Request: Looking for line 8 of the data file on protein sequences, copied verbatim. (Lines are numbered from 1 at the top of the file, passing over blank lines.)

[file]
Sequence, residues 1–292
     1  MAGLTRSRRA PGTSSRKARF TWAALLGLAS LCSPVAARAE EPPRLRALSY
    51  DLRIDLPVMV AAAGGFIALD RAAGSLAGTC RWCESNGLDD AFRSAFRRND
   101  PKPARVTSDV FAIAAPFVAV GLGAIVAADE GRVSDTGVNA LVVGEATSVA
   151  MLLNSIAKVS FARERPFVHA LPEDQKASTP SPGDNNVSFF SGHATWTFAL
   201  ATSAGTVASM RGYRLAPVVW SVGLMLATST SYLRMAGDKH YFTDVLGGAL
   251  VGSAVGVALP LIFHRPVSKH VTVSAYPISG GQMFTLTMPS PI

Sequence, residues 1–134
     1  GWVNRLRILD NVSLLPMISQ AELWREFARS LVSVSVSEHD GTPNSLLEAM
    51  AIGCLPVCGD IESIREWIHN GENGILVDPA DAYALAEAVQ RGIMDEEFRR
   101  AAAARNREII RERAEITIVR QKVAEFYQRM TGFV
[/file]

Sequence, residues 1–134